High birth prevalence of sickle cell disease in Northwestern Tanzania
Worldwide, hemoglobinopathies affect millions of children. Identification of hemoglobin disorders in most sub-Saharan African countries is delayed until clinical signs of the disease are present. Limited studies have been conducted to understand their prevalence and clinical presentation among newborns in resource-limited settings.Methodology:
This was a prospective cohort study. Newborns (aged 0–7 days) at two hospitals in Northwestern Tanzania were enrolled and followed prospectively for 6 months. Clinical and laboratory information were collected at baseline. Participants were screened for hemoglobinopathies using high-performance liquid chromatography. Clinical and laboratory follow-up was performed at 3 and 6 months for those with hemoglobinopathies as well as a comparison group of participants without hemoglobinopathies.Results:
A total of 919 newborns were enrolled. Among these, 1.4% (13/919) had sickle cell anemia or Hb S/β0-thalassemia (Hb FS), and 19.7% (181/919) had sickle cell trait or Hb S/β+ thalassemia (Hb FAS). Furthermore, 0.2% (two of 919) had β+-thalassemia. Red cell indices compared between Hb FS, Hb FAS, and Hb FA were similar at baseline, but hemoglobin was lower and red cell distribution width was higher in children with Hb FS at 3- and 6-month follow-up. Febrile episodes were more common for children with Hb FS at 3- and 6-month follow-up.Conclusion:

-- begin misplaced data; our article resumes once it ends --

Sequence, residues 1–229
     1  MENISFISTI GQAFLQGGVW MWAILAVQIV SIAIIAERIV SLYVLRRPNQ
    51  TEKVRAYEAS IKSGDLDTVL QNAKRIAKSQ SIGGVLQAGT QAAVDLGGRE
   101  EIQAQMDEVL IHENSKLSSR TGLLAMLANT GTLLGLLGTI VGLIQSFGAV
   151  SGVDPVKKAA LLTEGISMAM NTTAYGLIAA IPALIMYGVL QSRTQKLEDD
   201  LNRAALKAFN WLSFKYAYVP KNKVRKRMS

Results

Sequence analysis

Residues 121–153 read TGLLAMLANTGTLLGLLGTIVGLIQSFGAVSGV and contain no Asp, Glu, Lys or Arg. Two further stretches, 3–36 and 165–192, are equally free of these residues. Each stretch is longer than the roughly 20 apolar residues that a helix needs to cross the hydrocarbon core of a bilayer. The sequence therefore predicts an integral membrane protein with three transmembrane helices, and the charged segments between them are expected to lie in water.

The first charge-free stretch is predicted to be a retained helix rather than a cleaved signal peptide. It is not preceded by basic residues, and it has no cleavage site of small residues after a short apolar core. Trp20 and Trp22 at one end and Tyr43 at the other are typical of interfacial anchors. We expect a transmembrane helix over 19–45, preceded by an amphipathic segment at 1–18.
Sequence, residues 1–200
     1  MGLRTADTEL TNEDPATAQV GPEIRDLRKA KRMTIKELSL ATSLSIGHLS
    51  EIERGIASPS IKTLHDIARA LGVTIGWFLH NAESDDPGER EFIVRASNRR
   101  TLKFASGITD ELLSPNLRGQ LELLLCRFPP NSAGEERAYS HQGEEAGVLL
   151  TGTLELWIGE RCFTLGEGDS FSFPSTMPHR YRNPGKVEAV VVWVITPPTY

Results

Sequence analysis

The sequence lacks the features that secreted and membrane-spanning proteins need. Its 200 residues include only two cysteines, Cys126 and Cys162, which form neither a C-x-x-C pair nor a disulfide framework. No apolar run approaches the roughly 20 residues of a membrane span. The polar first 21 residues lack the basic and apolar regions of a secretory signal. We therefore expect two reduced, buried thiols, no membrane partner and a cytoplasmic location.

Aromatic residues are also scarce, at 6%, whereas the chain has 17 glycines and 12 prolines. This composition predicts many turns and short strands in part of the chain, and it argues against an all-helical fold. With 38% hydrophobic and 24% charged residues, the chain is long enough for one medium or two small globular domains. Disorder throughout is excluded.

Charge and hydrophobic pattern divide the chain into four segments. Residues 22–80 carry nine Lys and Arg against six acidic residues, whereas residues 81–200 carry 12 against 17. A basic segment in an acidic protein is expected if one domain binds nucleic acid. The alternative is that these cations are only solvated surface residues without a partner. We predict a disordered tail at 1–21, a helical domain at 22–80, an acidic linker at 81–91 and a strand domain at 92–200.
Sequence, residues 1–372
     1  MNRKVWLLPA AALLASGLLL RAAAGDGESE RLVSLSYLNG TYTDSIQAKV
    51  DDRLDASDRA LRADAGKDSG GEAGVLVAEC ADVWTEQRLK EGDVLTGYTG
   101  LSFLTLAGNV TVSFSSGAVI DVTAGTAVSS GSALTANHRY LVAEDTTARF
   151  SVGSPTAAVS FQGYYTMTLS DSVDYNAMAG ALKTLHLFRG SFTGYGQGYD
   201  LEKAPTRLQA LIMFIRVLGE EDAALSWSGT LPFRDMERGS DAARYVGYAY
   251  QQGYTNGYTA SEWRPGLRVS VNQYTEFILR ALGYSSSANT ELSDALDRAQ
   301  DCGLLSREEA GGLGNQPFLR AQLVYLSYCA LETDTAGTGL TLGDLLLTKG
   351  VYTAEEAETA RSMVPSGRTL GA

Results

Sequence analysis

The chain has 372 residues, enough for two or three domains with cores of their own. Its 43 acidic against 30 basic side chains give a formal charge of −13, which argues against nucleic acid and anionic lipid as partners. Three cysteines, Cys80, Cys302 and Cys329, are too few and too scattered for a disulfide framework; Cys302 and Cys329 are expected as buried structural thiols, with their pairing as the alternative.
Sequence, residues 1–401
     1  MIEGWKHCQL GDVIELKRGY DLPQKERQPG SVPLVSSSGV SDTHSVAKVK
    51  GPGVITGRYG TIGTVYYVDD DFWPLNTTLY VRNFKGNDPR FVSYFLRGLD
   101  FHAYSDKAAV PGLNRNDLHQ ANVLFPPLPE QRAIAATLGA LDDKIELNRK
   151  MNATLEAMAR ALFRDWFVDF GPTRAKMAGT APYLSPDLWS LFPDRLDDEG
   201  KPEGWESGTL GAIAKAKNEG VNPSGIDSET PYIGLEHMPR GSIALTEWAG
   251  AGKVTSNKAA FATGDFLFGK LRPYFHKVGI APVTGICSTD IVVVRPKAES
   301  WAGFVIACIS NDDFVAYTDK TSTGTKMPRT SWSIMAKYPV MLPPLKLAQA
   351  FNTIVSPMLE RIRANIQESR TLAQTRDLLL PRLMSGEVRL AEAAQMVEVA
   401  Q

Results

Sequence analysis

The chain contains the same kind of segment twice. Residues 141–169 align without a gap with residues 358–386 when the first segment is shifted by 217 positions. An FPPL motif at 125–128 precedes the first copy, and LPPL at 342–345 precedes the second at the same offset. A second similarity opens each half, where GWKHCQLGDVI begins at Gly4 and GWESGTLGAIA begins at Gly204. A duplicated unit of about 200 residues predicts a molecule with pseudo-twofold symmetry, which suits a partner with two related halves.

The prevalence of sickle cell disease among neonates born in Northwestern Tanzania is one of the highest in the world. Newborn screening is needed early in life to identify neonates with hemoglobinopathies so that clinical management may commence and morbidity and mortality related to hemoglobinopathies be reduced.